Kevin Mitnick was a hacker in the 1980s who used social engineering (e.g., manipulating secretaries to give him secure access) to compromise corporate networks such as DEC and Motorola. Samuel Slater, known as the father of the Industrial Revolution in the US, was born in the UK. He was an originally an apprentice at a cotton mill based on Richard Arkwright’s design near Cromford Mill in England. When he immigrated to the US, he later used a design similar to Arkwright’s to kick-start the American Industrial Revolution. This a common risk noted Kent Kedl of the consultancy Control Risks, who recently told The Economist that, “The easiest way to get intellectual property from a firm is by buying or renting an employee inside it.” Thus, a stealth startup today could conceivably appropriate proprietary information (e.g., CAD models, engineering designs) via social engineering, hiring or hacking, build a warehouse in a developing country where resources costs are relatively low, andfill the warehouse with 3D printers. Then in turn, export the products to world markets. Some of the practical issues involving VPNs for corporate environments, such as preventing industrial espionage, are discussed later in Chapter 20 as well.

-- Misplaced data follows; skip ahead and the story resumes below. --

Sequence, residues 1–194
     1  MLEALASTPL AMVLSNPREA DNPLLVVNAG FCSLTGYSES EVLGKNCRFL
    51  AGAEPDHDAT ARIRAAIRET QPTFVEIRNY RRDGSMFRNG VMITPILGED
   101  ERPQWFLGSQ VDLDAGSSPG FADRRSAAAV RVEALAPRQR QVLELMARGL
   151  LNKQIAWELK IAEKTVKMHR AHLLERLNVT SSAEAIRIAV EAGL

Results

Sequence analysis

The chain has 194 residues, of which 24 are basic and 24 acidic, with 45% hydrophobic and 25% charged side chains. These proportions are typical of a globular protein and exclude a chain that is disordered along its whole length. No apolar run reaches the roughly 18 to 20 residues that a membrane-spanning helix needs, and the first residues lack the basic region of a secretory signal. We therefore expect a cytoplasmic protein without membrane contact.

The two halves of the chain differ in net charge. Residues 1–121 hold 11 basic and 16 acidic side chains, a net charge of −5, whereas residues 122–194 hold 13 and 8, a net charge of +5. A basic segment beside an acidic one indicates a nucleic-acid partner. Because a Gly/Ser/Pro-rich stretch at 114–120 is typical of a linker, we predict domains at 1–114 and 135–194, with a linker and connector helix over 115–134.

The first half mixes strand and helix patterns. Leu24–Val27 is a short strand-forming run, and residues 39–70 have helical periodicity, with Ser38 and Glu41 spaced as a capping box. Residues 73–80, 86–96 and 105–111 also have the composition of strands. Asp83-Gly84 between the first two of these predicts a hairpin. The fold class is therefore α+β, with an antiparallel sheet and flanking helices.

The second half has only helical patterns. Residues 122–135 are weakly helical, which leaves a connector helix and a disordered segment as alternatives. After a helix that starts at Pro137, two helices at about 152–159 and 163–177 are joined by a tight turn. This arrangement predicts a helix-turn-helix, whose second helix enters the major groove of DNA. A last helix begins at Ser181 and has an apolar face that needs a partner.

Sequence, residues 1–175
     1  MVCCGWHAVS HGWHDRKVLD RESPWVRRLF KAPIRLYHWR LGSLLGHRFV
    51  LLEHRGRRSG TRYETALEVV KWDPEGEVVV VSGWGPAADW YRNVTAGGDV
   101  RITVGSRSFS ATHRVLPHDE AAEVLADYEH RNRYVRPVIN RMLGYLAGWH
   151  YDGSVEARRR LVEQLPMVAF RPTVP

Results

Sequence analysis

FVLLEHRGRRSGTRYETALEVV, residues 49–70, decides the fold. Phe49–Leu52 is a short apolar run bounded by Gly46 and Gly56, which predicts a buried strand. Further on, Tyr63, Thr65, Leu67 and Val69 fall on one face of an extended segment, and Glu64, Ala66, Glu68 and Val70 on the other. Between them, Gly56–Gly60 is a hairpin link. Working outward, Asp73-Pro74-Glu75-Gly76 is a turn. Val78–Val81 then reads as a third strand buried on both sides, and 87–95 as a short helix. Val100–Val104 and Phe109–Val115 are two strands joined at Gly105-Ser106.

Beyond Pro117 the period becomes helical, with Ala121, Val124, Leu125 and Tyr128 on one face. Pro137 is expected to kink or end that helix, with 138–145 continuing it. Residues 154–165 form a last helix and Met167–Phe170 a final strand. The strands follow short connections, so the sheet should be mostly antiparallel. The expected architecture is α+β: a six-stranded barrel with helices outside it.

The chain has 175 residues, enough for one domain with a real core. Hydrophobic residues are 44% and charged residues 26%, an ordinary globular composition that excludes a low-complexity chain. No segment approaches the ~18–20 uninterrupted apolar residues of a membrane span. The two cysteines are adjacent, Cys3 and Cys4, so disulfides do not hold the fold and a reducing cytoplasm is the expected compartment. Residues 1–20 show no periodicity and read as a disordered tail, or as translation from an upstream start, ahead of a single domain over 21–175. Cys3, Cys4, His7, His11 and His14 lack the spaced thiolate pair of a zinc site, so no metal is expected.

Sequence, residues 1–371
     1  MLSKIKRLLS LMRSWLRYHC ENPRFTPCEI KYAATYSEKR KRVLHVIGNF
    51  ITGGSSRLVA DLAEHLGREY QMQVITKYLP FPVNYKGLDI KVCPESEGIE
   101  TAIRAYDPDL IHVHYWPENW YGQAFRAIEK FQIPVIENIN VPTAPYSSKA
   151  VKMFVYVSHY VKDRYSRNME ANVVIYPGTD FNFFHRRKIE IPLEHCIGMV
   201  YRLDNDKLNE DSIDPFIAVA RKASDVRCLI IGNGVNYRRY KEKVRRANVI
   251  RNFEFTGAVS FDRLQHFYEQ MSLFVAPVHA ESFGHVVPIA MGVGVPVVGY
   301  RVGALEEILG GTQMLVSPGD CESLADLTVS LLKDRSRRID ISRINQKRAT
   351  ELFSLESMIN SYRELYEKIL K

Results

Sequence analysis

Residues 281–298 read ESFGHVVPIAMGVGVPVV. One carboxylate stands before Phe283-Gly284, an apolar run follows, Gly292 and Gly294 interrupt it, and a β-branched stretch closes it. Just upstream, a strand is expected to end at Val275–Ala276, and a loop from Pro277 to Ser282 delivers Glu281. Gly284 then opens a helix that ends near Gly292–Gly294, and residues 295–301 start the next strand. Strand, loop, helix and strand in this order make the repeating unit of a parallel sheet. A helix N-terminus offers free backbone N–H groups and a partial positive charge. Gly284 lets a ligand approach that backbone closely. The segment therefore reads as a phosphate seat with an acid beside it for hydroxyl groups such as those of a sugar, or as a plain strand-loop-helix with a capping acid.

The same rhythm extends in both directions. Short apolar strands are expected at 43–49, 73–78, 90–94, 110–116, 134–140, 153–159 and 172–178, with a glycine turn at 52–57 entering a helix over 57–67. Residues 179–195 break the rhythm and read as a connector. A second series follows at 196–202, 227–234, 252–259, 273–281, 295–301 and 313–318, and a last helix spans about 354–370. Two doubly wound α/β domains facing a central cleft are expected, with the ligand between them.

During my February 2013 interview with Shaun Rein, founder of China Market Research, he noted that “for any company in the world, internet security is an increasingly important issue. And especially in China I think a lot of MNCs are continuously worried about protecting IP. As a matter of fact, our firm recently received an RFP [Request for Proposal] from a very large internet company building a marketing expansion strategy on the mainland. As part of the proposal we are supposed to disclose our firm’s security issues to make sure we are a reliable partner to work with. In other words, to prevent any proprietary information from being leaked by a vendor they are modifying their risk management to hedge against the possibility of being hacked. The flip side of this is that there are currently no large barriers to entry for doing internet security consulting because the government is very supportive of intellectual property transfers at this level. At the same time, it may be moredifficult selling antivirus software directly because then you would be competing with domestic forces and local firms like Kingsoft. But services such as IT security are quite open.”